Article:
Peace Corps Volunteers Make an Impact

As a partner university with the Peace Corps, the School’s Master’s in Management program provides opportunities for returning volunteers to connect what they have learned with the business world.

Three former Peace Corps volunteers chose the School of Business as the next step for accomplishing their future goals. Cara McGrath (MA ’18) and Blair Thompson (MA ’18) were recipients of the Coverdell Fellowship from the Peace Corps, a program that allows volunteers to continue their service while also pursuing graduate studies at a reduced cost. Sydney Shapiro (MA ’18) received the Dingledine Scholarship for positive social impact, a Wake Forest University scholarship that provides full tuition for students who worked in a nonprofit setting after completing their undergraduate studies.

Kaitlyn Cooper, associate director for integrative student services for the Master’s in Management program, said Peace Corps applicants bring a unique level of passion and excitement to the interview process.

“I love hearing their stories and imagining how they will connect everything they learned back to the business world,” Cooper said. “We want our students to be honorable, professional, impactful, and global. Peace Corps volunteers are prepared to be global citizens, and they share that experience with their peers in the program.”

Cara McGrath, Uganda

After studying abroad multiple times in sub-Saharan Africa while in college at the University of Oklahoma, Cara McGrath wanted to apply her degree in international security by living in another country after graduation.

“I wanted to get outside of my comfort zone and gain an intimate understanding of how people outside of the United States live their lives,” McGrath said. “Peace Corps taught me resilience, grit, flexibility, and determination. These skills have impacted how I view the world, build relationships, and live and work.”

McGrath worked as a literacy specialist in northern Uganda, with most of her work centered around literacy and youth empowerment projects, as well as initiatives focused on gender equity, reproductive health, and sustainable farming. She managed a team of 17 Peace Corps volunteers to raise money for Books for Africa that brought over 36,000 books to the schools in the area, benefiting more than 34,000 students and teachers.

“The Peace Corps taught me to look at everything from a global and sustainable perspective,” McGrath said. She decided the Wake Forest Master’s in Management program was exactly what she needed when she returned stateside.

“I’ve been able to apply the leadership and project management skills I learned in Uganda to my rigorous coursework. The Management program has given me tangible skills I need to be successful in my future career and the opportunity to learn from professors who are experts in their respective fields. It’s also great to be part of Wake’s expansive alumni network.”

Sydney Shapiro, Zambia

After graduating from Florida State with a degree in international affairs, Sydney Shapiro spent two years of service in an education development program in southern Zambia. She taught English to students ranging in age from 14 to 23. In addition to teaching, she worked on agriculture and health initiatives, conducting more than 24 workshops on various education, health, and agriculture topics. She also worked on long-term projects like building the first rural public school community library and planting more than 500 trees.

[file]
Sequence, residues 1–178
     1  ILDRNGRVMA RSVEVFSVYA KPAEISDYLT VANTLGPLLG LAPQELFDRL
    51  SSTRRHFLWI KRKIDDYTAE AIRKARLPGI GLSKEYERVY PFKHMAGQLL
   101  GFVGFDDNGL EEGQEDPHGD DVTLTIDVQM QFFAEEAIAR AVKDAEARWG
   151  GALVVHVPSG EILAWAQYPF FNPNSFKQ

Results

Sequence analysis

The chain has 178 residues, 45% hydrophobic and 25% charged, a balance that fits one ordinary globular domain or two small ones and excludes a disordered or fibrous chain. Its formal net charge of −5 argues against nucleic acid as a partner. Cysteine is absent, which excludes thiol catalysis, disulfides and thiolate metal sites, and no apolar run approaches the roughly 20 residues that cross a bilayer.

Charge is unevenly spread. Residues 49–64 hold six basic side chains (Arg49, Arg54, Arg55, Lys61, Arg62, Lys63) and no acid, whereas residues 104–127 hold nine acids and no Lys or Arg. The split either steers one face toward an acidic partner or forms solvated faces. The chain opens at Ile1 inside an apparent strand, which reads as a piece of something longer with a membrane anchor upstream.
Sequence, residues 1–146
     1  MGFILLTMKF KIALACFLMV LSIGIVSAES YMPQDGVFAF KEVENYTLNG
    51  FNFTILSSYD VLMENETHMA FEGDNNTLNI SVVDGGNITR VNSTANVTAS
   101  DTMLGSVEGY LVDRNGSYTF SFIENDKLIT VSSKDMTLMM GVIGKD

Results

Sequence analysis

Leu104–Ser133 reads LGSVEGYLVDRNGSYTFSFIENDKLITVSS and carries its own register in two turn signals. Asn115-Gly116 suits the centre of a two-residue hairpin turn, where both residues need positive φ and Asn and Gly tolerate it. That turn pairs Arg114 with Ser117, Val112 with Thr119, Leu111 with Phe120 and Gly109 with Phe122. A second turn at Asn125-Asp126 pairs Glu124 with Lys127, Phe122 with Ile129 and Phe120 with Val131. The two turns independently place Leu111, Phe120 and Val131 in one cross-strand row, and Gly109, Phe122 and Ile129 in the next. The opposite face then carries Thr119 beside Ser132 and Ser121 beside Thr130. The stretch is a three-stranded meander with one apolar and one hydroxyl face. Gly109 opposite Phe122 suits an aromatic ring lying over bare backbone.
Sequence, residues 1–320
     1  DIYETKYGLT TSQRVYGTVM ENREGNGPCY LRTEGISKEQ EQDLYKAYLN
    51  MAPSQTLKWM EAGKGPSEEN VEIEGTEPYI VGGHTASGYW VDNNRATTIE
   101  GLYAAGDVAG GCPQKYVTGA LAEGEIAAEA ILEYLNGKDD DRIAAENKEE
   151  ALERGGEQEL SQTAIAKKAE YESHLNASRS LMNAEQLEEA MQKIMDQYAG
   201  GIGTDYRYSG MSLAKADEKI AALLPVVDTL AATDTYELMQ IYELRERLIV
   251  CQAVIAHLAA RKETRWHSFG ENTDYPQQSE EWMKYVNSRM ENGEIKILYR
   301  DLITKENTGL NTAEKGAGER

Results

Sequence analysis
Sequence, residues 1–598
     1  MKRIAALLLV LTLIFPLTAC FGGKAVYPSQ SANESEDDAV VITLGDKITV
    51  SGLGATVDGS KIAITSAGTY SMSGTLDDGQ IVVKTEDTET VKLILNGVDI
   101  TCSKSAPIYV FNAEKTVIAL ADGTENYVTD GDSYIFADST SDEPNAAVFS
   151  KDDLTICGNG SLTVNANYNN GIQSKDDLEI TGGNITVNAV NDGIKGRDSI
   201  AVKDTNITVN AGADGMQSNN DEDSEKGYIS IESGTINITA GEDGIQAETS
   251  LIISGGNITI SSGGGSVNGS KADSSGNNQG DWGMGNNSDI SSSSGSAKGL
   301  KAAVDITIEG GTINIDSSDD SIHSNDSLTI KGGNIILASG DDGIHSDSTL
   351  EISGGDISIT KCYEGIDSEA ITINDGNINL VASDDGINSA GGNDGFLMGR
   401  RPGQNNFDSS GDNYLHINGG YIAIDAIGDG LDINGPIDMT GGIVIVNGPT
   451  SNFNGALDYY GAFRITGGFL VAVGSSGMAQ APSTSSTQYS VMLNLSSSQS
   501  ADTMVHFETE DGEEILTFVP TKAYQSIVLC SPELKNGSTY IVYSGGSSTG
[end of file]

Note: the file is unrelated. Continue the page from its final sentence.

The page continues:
“When I decided to join, I felt like I would never understand the world I lived in without taking myself out of it and seeing the opposite side,” Shapiro said. “I wanted a deeper understanding of the world from a less sheltered viewpoint.”

Shapiro worked as a recruiter for the Peace Corps after her two years in Zambia, but she knew she wanted to continue her education. She applied to Wake Forest when she saw that the Management program was geared toward students with limited business experience.

“I didn’t want to be pigeonholed into only nonprofit or strictly international work,” Shapiro said. “In Zambia, I learned so many soft skills like communication, teamwork, and leadership. The hard skills were what I was lacking, and the Master’s in Management program has given me just that through my finance, accounting, and analytics courses.”

Blair Thompson, Togo

Blair Thompson had planned on joining the Peace Corps since high school and applied during her senior year at UNC Chapel Hill, where she studied environmental science and geography. She soon learned she was assigned to Togo, a small country located next to Ghana on the west coast of Africa, where she worked alongside micro businesses like rabbit raisers and farmers. A majority of her time was spent with “Club des Mères,” a club of mothers that met weekly to work on agricultural activities in order to raise money to send their children to school and combat income inequality.

“In Togo, I gained exposure to basic business concepts like marketing and bookkeeping for small businesses,” Thompson said. “Everything I learned, I learned by experience. Now I’m learning the terminology and scaling my knowledge up to be successful in corporate America.”

Thompson found the School’s Master’s in Management program to be the best fit because of the academically challenging, yet comparably short length of the program. She applied from Togo, with limited wifi, and has no regrets.

“I would recommend the program to people coming out of school or coming from an abroad program looking to round out their undergraduate experience,” Thompson said. “I have loved the faculty and seeing how passionate they are about what they’re teaching.”